What I detest is the first week (or so) of the change. I can (almost) cope with changing all the different electronic appliances in my house over to the new time. The time piece I have the most trouble with is my own body clock. Crawling out of bed this morning was just a little harder than normal. I just have to keep telling myself that it will get better if I persevere.

Just for fun I did a keyword search for Daylight Saving in the library catalogue. It's amazing what it turned up.

Seize the daylight: the curious and contentious story of daylight saving time / David Prerau. The author weaves a tale of science, history, and politics - a story grand enough to involve luminaries such as Ben Franklin, Winston Churchill, and FDR, but personal enough to revolve around railroad conductors and schoolchildren waiting at bus stops on dark mornings - all about the simple act of setting the clock forward an hour in the spring and back an hour in the fall (publisher's summary).

Saving the daylight : why we put the clocks forward / David Prerau. The same author gives us another title. For several months every year, for better or worse, daylight saving time affects billions of people throughout the world. Every spring, the clocks go forward, and every autumn they go back. And for centuries this has been the subject of recurring controversy. Saving the Daylight explores for the first time the contentious and surprisingly entertaining story of this deceptively simple atempt to regulate the sunlight hours

And if that is all too profound for you, the other thing that turned up when I did the search was Brooke Fraser's album What to do with daylight which is much more my scene.

Have a great day all.

Friday, 23 September 2011

Top 5 for Friday - Women Stand Up.

Earlier this week, New Zealand celebrated the 118 years of women having the vote. In 1893 New Zealand was the first country in the world where women won the right to vote in national elections. The suffrage movement was this country’s first truly mass movement – mobilising tens of thousands of New Zealanders with rallies and a series of massive petitions.
The petition was signed by nearly 32,000 New Zealanders. Nearly 24,000 of those signatures have survived on the copy of the petition presented to Parliament. (Ministry of Women's Affairs).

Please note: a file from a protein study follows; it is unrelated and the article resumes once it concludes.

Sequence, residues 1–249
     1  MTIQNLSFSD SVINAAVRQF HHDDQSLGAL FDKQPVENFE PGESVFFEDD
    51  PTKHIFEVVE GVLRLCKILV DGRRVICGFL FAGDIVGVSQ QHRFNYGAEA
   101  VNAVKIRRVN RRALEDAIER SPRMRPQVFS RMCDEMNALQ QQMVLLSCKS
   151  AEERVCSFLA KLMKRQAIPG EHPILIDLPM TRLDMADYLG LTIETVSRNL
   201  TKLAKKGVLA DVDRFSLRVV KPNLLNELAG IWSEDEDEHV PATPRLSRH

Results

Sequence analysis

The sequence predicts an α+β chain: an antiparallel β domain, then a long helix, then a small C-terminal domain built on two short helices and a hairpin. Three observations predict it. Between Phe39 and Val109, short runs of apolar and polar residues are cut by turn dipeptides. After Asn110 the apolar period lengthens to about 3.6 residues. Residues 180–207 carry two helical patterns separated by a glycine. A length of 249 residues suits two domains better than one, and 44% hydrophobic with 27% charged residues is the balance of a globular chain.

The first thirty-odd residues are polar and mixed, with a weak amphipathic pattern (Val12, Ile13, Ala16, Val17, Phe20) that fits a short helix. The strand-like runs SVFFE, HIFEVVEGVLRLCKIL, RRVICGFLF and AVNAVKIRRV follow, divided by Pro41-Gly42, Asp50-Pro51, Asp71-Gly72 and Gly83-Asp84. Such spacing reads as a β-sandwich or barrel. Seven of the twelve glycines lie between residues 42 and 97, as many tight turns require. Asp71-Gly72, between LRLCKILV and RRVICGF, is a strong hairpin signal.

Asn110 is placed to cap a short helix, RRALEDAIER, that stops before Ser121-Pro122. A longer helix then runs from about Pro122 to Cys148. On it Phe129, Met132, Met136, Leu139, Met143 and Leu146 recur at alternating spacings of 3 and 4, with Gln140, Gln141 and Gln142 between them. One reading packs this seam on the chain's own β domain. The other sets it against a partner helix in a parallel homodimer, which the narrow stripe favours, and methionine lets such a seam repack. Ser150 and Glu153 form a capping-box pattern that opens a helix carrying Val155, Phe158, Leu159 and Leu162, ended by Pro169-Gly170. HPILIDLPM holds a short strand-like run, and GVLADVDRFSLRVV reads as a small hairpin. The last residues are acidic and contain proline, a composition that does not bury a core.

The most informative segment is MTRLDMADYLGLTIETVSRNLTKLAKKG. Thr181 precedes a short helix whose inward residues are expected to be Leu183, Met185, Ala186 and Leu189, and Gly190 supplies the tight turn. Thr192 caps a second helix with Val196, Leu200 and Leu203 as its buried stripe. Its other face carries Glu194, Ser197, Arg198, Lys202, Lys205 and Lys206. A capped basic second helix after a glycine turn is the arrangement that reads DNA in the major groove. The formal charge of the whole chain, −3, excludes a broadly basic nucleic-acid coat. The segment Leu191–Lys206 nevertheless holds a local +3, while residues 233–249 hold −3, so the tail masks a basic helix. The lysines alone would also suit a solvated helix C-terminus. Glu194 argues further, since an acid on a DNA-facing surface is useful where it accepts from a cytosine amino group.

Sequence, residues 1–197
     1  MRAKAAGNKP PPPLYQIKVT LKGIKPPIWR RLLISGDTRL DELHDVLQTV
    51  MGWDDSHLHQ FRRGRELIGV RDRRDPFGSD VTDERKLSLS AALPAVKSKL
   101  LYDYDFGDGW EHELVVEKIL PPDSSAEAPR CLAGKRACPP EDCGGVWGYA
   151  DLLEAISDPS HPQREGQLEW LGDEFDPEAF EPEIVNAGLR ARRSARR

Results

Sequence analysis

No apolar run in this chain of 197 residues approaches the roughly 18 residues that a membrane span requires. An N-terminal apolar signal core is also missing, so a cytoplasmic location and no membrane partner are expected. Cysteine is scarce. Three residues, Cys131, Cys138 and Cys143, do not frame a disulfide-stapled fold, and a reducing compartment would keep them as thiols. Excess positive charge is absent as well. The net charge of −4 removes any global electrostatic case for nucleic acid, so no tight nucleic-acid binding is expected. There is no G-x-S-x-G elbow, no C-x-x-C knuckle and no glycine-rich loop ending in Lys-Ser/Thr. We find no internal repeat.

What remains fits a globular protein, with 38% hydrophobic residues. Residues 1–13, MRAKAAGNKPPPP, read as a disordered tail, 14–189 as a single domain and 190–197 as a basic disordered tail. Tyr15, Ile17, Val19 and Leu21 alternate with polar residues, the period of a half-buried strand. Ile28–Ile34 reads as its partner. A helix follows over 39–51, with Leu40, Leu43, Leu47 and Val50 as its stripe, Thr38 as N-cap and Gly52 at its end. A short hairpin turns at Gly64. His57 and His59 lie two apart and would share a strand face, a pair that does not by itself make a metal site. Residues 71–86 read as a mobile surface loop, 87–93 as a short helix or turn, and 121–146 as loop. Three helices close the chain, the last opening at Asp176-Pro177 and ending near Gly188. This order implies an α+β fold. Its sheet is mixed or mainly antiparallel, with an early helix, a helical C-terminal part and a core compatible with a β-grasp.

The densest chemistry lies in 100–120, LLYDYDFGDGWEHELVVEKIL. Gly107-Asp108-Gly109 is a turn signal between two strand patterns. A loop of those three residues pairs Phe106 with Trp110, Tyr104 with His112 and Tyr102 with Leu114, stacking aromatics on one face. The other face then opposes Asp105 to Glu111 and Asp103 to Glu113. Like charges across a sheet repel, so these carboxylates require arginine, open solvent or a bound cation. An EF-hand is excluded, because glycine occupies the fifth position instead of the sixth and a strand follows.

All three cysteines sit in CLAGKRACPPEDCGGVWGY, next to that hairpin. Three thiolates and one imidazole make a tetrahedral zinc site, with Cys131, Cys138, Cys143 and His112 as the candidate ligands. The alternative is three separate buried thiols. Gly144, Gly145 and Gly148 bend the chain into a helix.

Far be it from me to ignore such a historic event. For today's Top 5 for Friday, here are a selection of books on not just the suffrage movement in New Zealand, but also the place of women in helping to shape our country.


  1. Standing in the Sunshine (Sandra Coney). Published to celebrate the centennary of woman achieving the vote in New Zealand, this is my absolute top pick of books if you want to read about the history of our country from a female perspective. This illustrated social history is extremely readable, able to be picked up and put down with short sections and explores all aspects of women's lives from 1893 to 1993, turning up new and unexpected moments in New Zealand women's history. In addition, the Sir George Grey Special Collection at Auckland Central Library holds some of the research notes from the publication. Highly recommended.

  2. Kate Sheppard is one of the iconic figures in New Zealand suffrage and Auckland Libraries have a selection of biographies highlighting her life.

  3. The Suffrage Trail The description of this book calls it a "Guide to... memorials of our Suffrage Centennial Year- the gardens, the parks, the trees, works of art, sculptures, hangings, murals, paintings, plaques and buildings". In one volume a biography, inventory and travel guide celebrating the women of Aotearoa.

  4. Be counted : the diary of Amy Phelps, Dunedin, 1893 (Janine McVeagh). If you are a regular reader of this blog you know that I am a fan of the "My story" series of children's fiction. So it will be no surprise that this turns up on a Top 5 list. Thirteen year old Amy goes to live with her aunt and uncle in Dunedin to be educated. Amy is an aspiring artist and has the opportunity to meet the acclaimed woman artist Frances Hodgkins. In big city Dunedin, Amy finds herself involved with the darker side of life through her friend Mary, who works in a sweatshop then goes missing. Amy also observes her aunt's involvement with the Women's Christian Temperance Union, and the struggle to get women the vote. Another great introduction to an episode from our history for junior readers.

  5. Her Story: Women shaping New Zealand History A compilation of the highlights of past issues of the New Zealand Memories magazine.